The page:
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Sanction mandatory to investigate public servants,says SC

It maintained that once it was noticed that there was no previous sanction,a magistrate cannot order investigation against a public servant.

Written by Utkarsh Anand | New Delhi |
October 2, 2013 12:17:40 am

Approving an additional layer of protection for government officials,the Supreme Court Tuesday held they cannot be investigated under corruption charges without a prior sanction from the executive authority even on orders passed by a magistrate.

A Bench of Justices K S Radhakrishnan and A K Sikri said a court cannot proceed against a public servant without a sanction in cases where charges pertain to the Prevention of Corruption Act.

“If the law requires sanction and the court proceeds against a public servant without sanction,the public servant has a right to raise the issue of jurisdiction as the entire action may be rendered void ab initio,” the court noted,referring to a previous verdict.

It maintained that once it was noticed that there was no previous sanction,a magistrate cannot order investigation against a public servant while invoking powers under Section 156(3) CrPC. Section 156 (3) empowers a magistrate to order registration of an FIR,on a complaint by a person.

The court rejected an argument that the requirement of sanction under Section 19 of the Prevention of Corruption Act was only procedural in nature and not mandatory.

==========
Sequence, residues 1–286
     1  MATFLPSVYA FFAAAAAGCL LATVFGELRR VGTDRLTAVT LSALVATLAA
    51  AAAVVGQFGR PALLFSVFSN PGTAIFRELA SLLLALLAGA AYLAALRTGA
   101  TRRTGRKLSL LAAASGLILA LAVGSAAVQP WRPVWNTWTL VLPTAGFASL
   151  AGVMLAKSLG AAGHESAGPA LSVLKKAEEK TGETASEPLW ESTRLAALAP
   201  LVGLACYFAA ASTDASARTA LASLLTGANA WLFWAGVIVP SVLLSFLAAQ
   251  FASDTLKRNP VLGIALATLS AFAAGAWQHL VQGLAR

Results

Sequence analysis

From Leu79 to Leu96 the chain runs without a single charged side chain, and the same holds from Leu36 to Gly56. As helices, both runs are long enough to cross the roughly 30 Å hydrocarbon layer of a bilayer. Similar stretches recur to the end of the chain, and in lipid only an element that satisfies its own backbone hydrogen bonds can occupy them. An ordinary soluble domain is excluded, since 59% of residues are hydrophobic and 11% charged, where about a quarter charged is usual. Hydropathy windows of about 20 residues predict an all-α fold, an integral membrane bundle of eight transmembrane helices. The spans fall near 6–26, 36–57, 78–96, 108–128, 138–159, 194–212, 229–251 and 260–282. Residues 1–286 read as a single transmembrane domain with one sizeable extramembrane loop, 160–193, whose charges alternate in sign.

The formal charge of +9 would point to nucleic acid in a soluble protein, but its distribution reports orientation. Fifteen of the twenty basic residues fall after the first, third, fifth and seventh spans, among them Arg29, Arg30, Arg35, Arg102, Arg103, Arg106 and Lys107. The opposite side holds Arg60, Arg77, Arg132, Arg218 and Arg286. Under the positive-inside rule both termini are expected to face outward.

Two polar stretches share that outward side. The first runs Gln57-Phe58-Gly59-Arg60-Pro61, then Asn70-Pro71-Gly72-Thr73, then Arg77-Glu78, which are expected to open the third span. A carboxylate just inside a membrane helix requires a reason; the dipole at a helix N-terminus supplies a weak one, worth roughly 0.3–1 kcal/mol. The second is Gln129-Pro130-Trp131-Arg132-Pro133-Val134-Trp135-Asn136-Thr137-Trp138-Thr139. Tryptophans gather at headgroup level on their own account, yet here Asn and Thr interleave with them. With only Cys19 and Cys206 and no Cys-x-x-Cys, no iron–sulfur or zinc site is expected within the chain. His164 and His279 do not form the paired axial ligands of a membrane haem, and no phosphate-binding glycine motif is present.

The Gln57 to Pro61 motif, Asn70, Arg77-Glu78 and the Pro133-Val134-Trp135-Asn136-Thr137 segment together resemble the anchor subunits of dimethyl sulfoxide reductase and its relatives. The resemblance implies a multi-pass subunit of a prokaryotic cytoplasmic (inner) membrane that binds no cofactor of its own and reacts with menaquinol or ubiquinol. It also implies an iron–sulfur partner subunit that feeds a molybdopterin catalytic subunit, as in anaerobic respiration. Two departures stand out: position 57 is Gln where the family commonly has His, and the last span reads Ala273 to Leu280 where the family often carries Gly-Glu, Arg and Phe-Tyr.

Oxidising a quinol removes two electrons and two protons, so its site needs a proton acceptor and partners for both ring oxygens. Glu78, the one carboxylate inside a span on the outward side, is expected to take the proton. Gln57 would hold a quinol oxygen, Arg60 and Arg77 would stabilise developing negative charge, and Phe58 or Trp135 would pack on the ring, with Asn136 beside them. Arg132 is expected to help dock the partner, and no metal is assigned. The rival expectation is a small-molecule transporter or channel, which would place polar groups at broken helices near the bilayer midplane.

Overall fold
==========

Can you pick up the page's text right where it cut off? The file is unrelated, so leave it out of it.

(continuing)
“We find it difficult to accept that contention. Sub-section (3) of Section 19 has an object to achieve,which applies in circumstances where a special judge has already rendered a finding,sentence or order. In such an event,it shall not be reversed or altered by a court in appeal,confirmation or revision on the ground of absence of sanction. That does not mean that the requirement to obtain sanction is not a mandatory requirement,” said the Bench .

The court held that the requirement of sanction was a pre-condition for ordering investigation even at a pre-cognizance stage when the magistrate had not taken cognizance of the alleged offences against a public servant but had only ordered for a probe.

The Bench held it while dismissing an appeal,which asserted that the requirement of sanction was only procedural in nature and that it could be obtained even at a subsequent stage of the proceedings. The appellant had filed a complaint in a trial court in Karnataka,seeking a probe into the alleged illegalities committed by public servants in restoring a piece of valuable land in favour of a private person.

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